Genevieve Martin's work at Dave's Killer Bread has always been about helping people belong. She joined the company as a retail and cafe manager in 2010 and helped create a space where workers could get drinks, snacks and meals on the company. Martin now serves as executive director of the Dave's Killer Bread Foundation and guides other companies to become second chance employers by adopting employment policies that are inclusive of people with criminal backgrounds, like Dave's Killer Bread.
"If you're not taking care of the people who deliver your services and products, at some point you're going to lose and you're going to fail. People are your No. 1 asset," she said. "We don't have any policies and practices that I would say are above and beyond, but finding these other creative ways to create a thriving workplace, both where people feel included and that they belong here, helps to do that."
Dave's Killer Bread's commitment to second chance employment is personal, Martin previously told HR Dive. The company's namesake returned to the business — then a family bakery — after serving jail time on four separate occasions. After his return he developed the recipes for the bread that is now distributed across the country. The company now employs 300 workers, a third of whom have a criminal background, according to the foundation.
The company acquired this blend of talent "sometimes accidentally, sometimes on purpose," Martin said. But by 2014, it was ready to become more intentional about its efforts in second chance employment. "We really decided to take a look at our bigger cause," said Martin, who at that point had taken over the organization's corporate social responsibility initiatives as community development manager. "That's when we started the research and networking and landed on second chance employment."
The company launched the Dave's Killer Bread Foundation in 2015, with Martin at its helm. It claims it is the only organization whose sole purpose is "to equip and support businesses as they embrace and adopt Second Chance Employment." As its executive director, Martin has advocated for and coached employers to adopt second chance employment practices.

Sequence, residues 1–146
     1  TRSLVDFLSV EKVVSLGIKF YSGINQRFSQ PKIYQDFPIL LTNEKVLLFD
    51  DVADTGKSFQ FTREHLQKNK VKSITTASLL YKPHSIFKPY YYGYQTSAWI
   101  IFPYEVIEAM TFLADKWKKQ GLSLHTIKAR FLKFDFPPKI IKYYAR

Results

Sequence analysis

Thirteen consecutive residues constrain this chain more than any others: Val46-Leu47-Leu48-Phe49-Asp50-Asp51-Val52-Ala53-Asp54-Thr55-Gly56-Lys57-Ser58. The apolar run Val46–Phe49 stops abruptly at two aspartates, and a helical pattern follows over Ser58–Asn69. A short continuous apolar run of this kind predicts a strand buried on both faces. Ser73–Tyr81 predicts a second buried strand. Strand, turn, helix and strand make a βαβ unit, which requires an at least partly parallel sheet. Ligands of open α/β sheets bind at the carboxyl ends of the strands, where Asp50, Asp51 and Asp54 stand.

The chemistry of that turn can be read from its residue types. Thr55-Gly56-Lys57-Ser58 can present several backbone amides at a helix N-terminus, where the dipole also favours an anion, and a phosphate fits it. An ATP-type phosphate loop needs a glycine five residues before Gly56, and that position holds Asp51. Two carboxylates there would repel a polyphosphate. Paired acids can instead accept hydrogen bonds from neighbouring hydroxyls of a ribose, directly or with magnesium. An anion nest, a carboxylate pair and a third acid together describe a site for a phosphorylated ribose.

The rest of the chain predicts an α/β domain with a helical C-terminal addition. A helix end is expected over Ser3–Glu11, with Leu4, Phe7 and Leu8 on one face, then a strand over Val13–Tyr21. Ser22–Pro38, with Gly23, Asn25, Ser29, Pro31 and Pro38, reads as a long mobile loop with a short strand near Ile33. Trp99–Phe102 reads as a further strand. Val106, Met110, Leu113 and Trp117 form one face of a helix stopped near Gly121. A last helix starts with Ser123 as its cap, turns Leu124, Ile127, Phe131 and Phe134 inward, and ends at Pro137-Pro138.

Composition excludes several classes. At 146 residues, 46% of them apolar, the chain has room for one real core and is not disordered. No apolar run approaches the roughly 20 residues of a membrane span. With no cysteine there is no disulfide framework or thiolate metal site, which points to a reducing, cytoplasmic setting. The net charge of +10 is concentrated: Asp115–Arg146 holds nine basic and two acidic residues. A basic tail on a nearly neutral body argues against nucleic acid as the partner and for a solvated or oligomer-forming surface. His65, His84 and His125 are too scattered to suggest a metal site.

"We don't have to actively recruit any longer. Every day, we have people come in the door asking to fill out applications, seeing what jobs are available, so we are literally turning talent away every single day."
Executive Director, Dave's Killer Bread Foundation
As the foundation advocated for second chance employment, it eliminated for the company a challenge that many manufacturers face. "We don't have to actively recruit any longer. Every day, we have people come in the door asking to fill out applications, seeing what jobs are available, so we are literally turning talent away every single day," Martin said. "We cannot hire all the people that are perfectly capable of working, but they know that this is a place they can come and belong as their whole selves and not have to hide pieces or facets of who they may have been at some point."
In the next three years, the foundation will aim to make this true of every employer it works with. It will launch a nine-month corporate cohort training. And it will create an online training to help companies make their recruitment processes and workplace cultures more inclusive to individuals with criminal backgrounds.
Even as the Dave's Killer Bread Foundation sets out to help companies become second chance employers, Martin holds that being inclusive of those with criminal backgrounds shouldn't come as a revolutionary prospect.
"This isn't a charitable or altruistic ask that we make of companies. We're saying, you're a company with a bottom line that needs to be successful, but you need talented people," Martin said. "This should be an additional way that you would go about getting the best people for your jobs to make your business stronger."